A finding of negligence on the part of a defendant toward a plaintiff would be warranted by evidence that while an automobile of the plaintiff was following an automobile of the defendant which was travelling at about twenty miles an hour and swaying and going from side to side in ruts in the road having a mound of snow and ice between them, there being no other vehicles on the road, the defendant's automobile at a curve went out of the ruts and up on the mound, spun over and turned around, came back and struck the automobile of the plaintiff.
TORT. Writ in the District Court of East Norfolk dated July 9, 1948.
Upon removal to the Superior Court, the action was tried before Donahue, J.
R. L. Bates, for the plaintiff.
M. A. Darling, for the defendant, submitted a brief.
LUMMUS, J. Counsel for the plaintiffs, in opening to the jury their action of tort for negligence against the defendant, stated in substance the following. The plaintiffs, John J. Costello, Junior, and his wife and baby, were riding on February 8, 1948, on a way in Canton, following the automobile of the defendant. The road had ruts with a mound of snow and ice between them from six to eight inches higher than the ruts. The defendant was travelling at about twenty miles an hour, and his automobile was swaying and going from side to side in the ruts. At a curve the defendant's
automobile went out of the ruts and up on the mound, spun over and turned around, came back and struck the plaintiffs' automobile, injuring it and the three plaintiffs.
At the conclusion of the opening, the judge, having been told by counsel for the plaintiffs that the evidence would show no more than he stated in the opening, directed a verdict for the defendant, subject to the exceptions of the plaintiffs.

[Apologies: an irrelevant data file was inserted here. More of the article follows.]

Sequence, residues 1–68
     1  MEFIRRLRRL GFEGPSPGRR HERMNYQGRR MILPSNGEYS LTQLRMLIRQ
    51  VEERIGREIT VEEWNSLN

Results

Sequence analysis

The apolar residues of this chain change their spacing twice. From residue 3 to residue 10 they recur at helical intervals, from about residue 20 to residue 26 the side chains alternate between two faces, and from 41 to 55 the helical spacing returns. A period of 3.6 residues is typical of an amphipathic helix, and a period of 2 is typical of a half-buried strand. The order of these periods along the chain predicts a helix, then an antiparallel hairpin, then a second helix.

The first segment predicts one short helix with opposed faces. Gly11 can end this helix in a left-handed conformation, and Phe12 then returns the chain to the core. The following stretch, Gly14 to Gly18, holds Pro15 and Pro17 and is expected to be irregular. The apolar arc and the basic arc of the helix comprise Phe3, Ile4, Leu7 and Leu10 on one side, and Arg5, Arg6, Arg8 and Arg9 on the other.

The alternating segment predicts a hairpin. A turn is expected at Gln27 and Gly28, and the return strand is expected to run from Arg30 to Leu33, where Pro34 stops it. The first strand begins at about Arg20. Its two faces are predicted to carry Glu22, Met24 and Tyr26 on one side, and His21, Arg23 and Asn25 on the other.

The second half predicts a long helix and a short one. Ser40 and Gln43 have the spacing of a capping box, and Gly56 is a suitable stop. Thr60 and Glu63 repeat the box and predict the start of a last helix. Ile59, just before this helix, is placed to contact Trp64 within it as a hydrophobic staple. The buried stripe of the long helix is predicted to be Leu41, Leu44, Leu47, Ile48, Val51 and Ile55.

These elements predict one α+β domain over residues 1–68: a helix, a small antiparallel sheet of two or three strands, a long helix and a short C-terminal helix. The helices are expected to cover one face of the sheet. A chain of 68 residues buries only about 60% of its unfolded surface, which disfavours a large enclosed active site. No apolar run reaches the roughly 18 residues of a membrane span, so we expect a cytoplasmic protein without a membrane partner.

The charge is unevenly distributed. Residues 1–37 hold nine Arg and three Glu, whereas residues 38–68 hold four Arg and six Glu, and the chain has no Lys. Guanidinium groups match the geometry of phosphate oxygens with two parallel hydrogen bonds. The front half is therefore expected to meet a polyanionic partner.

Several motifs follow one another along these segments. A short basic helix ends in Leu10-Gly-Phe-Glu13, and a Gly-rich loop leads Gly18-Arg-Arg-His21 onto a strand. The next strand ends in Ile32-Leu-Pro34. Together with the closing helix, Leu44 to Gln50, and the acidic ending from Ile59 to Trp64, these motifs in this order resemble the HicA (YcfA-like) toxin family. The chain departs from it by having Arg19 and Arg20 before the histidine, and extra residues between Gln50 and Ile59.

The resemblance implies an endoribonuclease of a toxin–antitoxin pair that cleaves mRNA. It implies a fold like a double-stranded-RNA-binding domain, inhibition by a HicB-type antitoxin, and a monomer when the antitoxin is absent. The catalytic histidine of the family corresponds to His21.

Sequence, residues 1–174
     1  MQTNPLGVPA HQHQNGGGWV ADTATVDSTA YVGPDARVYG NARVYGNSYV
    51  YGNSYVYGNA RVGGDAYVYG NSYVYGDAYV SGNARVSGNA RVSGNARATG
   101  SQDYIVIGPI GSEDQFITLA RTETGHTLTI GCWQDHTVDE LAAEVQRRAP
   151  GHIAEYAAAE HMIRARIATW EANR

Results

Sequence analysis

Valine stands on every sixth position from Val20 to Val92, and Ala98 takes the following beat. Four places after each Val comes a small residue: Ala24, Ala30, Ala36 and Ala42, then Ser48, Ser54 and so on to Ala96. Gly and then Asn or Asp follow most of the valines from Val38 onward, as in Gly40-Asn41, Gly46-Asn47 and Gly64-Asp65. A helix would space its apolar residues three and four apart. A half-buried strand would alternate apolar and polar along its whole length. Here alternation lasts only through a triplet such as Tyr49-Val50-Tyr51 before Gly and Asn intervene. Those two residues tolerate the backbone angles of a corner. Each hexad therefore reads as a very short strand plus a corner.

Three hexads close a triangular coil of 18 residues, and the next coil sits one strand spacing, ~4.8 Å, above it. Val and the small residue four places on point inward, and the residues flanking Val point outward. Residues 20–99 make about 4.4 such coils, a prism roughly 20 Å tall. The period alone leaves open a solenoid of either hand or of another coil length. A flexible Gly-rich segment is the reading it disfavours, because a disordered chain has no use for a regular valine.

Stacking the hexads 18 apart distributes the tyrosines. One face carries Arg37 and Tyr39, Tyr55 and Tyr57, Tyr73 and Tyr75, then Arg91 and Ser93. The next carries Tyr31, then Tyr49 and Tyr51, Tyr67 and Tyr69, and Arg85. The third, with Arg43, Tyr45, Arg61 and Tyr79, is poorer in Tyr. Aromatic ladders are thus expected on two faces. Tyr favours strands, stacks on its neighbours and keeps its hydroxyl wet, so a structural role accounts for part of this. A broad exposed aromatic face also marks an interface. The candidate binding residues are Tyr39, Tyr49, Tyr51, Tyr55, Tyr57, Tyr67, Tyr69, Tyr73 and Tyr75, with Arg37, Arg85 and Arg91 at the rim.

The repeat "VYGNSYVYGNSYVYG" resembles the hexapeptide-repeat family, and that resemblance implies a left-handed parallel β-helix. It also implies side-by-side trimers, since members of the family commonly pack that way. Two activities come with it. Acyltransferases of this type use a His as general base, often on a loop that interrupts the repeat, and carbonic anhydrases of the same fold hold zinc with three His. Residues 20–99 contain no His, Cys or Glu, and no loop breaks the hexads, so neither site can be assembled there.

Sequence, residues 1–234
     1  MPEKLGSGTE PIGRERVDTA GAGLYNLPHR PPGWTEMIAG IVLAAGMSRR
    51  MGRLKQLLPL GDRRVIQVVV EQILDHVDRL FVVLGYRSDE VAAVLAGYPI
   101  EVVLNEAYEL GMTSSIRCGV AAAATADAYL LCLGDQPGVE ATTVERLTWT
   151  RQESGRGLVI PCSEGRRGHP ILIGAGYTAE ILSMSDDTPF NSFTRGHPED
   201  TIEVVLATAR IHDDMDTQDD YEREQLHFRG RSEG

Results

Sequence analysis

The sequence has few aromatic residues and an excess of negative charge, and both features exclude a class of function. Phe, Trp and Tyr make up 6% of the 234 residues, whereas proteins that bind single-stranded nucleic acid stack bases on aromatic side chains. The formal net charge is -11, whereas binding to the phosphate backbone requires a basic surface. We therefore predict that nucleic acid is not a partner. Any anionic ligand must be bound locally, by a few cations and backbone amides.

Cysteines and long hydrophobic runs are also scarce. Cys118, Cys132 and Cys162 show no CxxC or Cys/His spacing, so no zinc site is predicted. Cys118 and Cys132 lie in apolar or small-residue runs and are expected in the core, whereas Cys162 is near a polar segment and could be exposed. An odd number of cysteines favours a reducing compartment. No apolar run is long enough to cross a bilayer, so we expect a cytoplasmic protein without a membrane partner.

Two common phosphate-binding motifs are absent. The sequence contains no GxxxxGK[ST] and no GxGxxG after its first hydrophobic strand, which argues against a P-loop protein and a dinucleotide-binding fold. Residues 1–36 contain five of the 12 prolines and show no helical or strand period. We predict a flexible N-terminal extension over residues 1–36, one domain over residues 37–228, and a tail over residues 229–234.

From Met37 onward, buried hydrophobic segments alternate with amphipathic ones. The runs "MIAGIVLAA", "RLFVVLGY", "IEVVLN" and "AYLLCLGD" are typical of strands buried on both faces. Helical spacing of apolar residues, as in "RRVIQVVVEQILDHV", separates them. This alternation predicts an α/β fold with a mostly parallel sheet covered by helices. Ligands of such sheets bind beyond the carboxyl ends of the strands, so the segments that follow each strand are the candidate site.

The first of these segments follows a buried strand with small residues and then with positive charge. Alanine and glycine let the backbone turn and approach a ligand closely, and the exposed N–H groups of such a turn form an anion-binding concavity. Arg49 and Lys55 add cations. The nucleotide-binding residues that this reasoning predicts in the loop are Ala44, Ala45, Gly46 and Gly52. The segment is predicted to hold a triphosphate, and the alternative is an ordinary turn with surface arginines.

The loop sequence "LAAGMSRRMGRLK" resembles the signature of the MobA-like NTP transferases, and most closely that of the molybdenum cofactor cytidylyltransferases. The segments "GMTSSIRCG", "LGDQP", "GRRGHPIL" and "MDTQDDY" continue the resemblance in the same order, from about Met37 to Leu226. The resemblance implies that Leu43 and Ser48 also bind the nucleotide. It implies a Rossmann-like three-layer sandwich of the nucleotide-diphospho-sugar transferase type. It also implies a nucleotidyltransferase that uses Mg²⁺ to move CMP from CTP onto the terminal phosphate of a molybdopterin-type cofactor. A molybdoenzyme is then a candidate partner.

It is settled that a verdict for a defendant may be ordered upon the plaintiff's opening, if it appears that the plaintiff's case has been fully stated. Mulvaney v. Worcester, 293 Mass. 32 . Cahalane v. Dennery, 298 Mass. 34 . Passler v. Mowbray, 318 Mass. 231 . But the power to direct a verdict on the opening should be exercised with caution. Carbone v. Trustees of New York, New Haven & Hartford Railroad, 320 Mass. 710 , 713-714. In Douglas v. Whittaker, 324 Mass. 398 , 400, this court said, "Cases should be decided upon sworn evidence rather than upon an anticipatory statement of counsel which might bear little resemblance to the available evidence. In instances involving close questions, the safer course is to hear the evidence."
The defendant relies on the statement contained in a number of our decisions that "the mere skidding of a motor vehicle, unexplained, is not evidence of negligence." Sherwood v. Radovsky, 317 Mass. 307 , 308. But it is equally well settled that skidding may be caused or accompanied by negligence upon which liability may be predicated. Levin v. Twin Tanners, Inc. 318 Mass. 13 , 15. McKeague v. Henry Jenkins Transportation Co. Inc. 323 Mass. 404 , 405. In the case at bar there were no other vehicles on the road, so that the defendant could devote all his attention to the operation of his automobile. The icy condition of the road made all driving dangerous. The speed of twenty miles an hour, while moderate under normal conditions, coupled with the inability to control the automobile, could be found indicative of negligence. We think that the direction of a verdict for the defendant was error.